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In her 1997 comedy Road to Nhill, as well as her more contemplative 2003 drama, Japanese Story, Australian director Sue Brooks observed how the country’s vast empty spaces and remote regional outposts exert their subtle influences on character, behavior and human connection. She continues along that vein in Looking for Grace, which opens strongly, full of poignancy and promise, training its intimate gaze on the teenager of the title, who has run away from her family home to cross the sprawling flat wheat belt of inland Western Australia. But when the focus widens to consider the perspective of other messy lives affected by Grace’s flight, the tone lurches into awkwardness, undercutting the emotional impact.
One of the key themes is the fragility and randomness of destiny, which does acquire some power in the inconclusive film’s quieter stretches, particularly toward the end. These aspects resonate also in the understated compositional beauty of the visuals; cinematographer Katie Milwright captures the solitude of the dry, enveloping landscape, mostly in gorgeous natural light, complemented by composer Elizabeth Drake‘s melodic piano-based score.
Sixteen-year-old Grace (Odessa Young) is first seen sharing earbuds with her friend Saph (Kenya Pearson) as they thrash their heads to unheard hardcore metal, presumably played by a band whose concert they are traveling interstate by bus to attend. With sharp economy of means Brooks sketches the easy intensity of young female friendship, the thrill increased by the wad of stolen cash Grace has stashed in her backpack. But when handsome older stranger Jamie (Harry Richardson) ambles onto the bus, his flirtation with Grace leaves Saph excluded and petulant. Their spell of shared adventure shattered, she bails on the trip, leaving Grace to experience the sting of disappointment alone when Jamie turns out to be no prince after an overnight motel stay.
Beginning with Grace’s Story, Brooks divides her film into sequentially overlapping parts — each of them titled for its central character — that reveal different fragments of what has occurred up to now and will transpire going forward. That works well enough with the shift to Bruce (Myles Pollard), a truck driver who has brought along his young son on a long-distance run; and Tom (Terry Norris), a likeable old coot past retirement age but reluctant to give up detective work.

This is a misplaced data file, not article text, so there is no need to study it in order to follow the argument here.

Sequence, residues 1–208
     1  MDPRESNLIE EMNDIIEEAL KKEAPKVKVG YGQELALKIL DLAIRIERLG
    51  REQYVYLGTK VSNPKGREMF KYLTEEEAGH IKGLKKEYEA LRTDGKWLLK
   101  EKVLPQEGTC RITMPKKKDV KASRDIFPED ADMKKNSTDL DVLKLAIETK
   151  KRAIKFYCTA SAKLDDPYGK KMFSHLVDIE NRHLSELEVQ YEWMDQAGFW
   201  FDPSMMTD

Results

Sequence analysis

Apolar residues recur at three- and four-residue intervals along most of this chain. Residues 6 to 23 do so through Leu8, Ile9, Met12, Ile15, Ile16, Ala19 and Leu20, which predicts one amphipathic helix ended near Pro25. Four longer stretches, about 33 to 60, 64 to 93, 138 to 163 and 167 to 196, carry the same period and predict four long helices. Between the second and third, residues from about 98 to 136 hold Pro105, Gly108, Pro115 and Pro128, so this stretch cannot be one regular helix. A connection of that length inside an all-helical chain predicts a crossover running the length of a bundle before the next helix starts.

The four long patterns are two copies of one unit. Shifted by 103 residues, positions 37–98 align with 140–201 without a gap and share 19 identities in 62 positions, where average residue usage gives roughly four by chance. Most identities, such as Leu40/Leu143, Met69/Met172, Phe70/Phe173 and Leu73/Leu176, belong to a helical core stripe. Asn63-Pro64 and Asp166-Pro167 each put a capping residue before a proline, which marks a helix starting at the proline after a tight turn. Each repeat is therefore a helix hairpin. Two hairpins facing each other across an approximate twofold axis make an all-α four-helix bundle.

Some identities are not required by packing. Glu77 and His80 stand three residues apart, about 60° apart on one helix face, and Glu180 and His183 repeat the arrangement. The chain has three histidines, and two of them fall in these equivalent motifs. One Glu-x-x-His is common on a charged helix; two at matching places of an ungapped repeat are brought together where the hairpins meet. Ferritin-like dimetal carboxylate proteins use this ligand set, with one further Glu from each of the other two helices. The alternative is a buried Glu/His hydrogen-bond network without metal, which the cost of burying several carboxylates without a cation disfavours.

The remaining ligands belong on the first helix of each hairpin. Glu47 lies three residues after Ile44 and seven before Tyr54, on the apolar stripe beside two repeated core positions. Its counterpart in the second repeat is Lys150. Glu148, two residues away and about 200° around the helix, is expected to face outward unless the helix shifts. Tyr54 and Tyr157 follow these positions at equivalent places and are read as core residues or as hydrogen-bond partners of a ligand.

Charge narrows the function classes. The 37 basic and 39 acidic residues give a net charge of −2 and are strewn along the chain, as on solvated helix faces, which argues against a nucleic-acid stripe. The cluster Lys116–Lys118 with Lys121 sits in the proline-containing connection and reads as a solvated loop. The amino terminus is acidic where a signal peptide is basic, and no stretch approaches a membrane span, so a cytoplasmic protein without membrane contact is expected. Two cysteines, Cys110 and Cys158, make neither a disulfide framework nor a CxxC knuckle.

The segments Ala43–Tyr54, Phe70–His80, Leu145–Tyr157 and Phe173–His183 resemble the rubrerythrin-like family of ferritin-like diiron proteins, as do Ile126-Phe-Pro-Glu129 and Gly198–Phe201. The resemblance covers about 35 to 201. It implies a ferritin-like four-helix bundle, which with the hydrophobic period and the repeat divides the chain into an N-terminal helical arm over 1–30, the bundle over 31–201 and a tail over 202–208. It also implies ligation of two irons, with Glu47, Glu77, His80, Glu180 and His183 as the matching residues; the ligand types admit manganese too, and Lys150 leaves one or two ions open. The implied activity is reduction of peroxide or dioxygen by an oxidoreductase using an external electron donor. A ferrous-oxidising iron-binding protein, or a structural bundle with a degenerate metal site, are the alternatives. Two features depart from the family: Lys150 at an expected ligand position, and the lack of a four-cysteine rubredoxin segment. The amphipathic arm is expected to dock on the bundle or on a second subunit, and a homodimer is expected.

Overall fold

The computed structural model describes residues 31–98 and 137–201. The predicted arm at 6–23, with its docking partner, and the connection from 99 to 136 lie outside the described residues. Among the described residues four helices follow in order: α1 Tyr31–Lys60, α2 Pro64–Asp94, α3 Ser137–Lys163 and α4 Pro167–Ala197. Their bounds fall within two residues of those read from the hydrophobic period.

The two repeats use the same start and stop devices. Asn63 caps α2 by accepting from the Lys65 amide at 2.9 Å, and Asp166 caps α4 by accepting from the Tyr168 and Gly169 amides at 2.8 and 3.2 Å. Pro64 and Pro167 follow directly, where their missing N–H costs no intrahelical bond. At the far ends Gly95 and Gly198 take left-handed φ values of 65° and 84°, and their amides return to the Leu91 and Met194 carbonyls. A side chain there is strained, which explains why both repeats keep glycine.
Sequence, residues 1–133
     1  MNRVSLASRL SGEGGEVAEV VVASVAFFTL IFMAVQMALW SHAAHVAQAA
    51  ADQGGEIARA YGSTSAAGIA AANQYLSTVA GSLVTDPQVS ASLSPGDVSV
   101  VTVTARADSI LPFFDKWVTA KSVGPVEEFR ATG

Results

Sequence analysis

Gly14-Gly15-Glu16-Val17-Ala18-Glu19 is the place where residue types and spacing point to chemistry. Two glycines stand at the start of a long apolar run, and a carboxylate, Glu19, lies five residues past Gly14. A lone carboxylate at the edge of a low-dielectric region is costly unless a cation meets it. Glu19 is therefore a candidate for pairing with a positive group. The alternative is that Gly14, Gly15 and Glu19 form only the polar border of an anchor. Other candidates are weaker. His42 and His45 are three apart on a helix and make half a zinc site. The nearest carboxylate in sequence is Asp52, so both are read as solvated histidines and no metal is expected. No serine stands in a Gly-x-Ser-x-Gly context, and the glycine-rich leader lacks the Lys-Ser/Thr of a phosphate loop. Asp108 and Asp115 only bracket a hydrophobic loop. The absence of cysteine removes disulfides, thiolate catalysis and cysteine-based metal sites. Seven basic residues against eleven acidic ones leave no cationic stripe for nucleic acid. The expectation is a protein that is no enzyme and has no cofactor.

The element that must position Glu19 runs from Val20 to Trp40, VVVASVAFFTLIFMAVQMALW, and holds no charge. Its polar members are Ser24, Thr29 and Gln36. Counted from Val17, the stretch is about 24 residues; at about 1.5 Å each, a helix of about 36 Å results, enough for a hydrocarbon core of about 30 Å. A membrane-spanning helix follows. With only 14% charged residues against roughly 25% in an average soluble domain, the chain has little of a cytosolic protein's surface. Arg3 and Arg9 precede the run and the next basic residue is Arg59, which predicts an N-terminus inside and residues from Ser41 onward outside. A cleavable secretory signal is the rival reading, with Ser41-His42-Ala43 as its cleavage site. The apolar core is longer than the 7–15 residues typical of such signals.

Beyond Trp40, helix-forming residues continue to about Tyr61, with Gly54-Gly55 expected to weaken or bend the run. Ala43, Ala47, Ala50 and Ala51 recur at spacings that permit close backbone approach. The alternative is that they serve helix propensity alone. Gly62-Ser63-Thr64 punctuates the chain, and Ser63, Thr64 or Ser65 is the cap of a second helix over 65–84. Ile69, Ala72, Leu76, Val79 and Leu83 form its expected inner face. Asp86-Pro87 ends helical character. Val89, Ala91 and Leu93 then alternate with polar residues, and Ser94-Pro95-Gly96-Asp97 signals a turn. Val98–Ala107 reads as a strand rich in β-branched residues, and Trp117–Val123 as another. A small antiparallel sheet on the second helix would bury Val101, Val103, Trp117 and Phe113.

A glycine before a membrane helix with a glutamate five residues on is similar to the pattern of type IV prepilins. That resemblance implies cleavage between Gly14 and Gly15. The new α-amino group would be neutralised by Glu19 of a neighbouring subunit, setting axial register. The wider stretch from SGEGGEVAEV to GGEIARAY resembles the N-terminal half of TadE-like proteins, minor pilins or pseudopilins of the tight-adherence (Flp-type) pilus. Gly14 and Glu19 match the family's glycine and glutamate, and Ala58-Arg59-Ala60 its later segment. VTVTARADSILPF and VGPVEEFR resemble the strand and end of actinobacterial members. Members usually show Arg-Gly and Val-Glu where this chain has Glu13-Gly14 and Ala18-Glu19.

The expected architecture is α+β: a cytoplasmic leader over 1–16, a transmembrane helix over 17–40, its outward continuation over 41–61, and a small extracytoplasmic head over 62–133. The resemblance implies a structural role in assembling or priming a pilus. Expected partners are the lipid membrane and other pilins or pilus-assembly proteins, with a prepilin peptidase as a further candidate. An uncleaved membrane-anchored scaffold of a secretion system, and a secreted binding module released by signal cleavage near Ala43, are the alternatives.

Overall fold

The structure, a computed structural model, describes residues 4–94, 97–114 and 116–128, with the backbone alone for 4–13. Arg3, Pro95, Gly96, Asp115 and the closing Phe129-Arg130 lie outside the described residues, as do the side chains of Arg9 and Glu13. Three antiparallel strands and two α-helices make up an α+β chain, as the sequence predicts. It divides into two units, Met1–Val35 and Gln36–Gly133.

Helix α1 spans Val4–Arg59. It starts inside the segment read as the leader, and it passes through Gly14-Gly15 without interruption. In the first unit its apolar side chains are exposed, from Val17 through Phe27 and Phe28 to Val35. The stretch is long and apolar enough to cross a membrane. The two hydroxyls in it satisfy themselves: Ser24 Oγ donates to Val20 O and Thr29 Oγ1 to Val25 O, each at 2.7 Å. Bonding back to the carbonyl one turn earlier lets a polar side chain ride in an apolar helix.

However, when the story takes in the points of view of Grace’s parents, Dan (Richard Roxburgh) and Denise (Radha Mitchell), and attempts to embrace minor-key humor, things get wobbly. Both actors are miscast, Roxburgh in particular. They push too hard at playing inarticulate folks without the self-awareness to understand or react to any unsettling force that ruptures their sterile, dull world, whether created by themselves or by Grace. It’s immediately clear that this couple barely knows one another, let alone their unrepentant daughter at such a turbulent age. But the domestic drama lacks the psychological complexity and insight to reward such close scrutiny and puzzle-like structure, making the midsection plodding and repetitive.
While Bruce’s involvement in the story begs for greater follow-through, Tom’s thread yields moments of gentle humor and wistful reflection that appear closest to the tone for which Brooks is aiming. With Dan and Denise, however, their respective secrets seem too schematic, and the director, like her actors, misses the mark in scenes designed to show how the triviality of their concerns prevents them from fully expressing or sharing their anxiety over Grace’s fate. There are amusing moments, as in when Dan’s office assistant (Amanda Woodhams) starts bluntly babbling about murder, rape and unsolved disappearances. But for the most part, the light touch required to support the storytelling quirks is absent.
Competing both in Venice and in the Toronto Film Festival’s inaugural Platform section, the handsomely made film is strongest as a vehicle for impressive emerging actress Young (also seen recently in The Daughter), whose internalized performance conveys depths only in intermittent supply elsewhere. Brooks generally is so bewitched by her characters’ opacity that they remain frustratingly remote, even in the rare moments when they open up, diminishing the sorrow of the final-act tragedy.
Cast: Richard Roxburgh, Radha Mitchell, Odessa Young, Terry Norris, Harry Richardson, Kenya Pearson, Myles Pollard, Tasma Walton, Holly Jones, Shirley Van Sanden, Kelton Pell, Rebecca Davis, Peter Rowsthorn, Amanda Woodhams
Production companies: Gecko Films, Taylor Media, Unicorn Films
Director-screenwriter: Sue Brooks
Producers: Lizzette Atkins, Sue Taylor, Alison Tilson
Executive producers: Antonio Zeccola, Benjamin Zeccola, Michael J. Werner, Nelleke Driessen
Director of photography: Katie Milwright
Production designer: Clayton Jauncey
Costume designer: Terri Lamera
Music: Elizabeth Drake
Editor: Peter Carrodus
Casting: Jane Norris
Sales: Fortissimo Films
No rating, 101 minutes.
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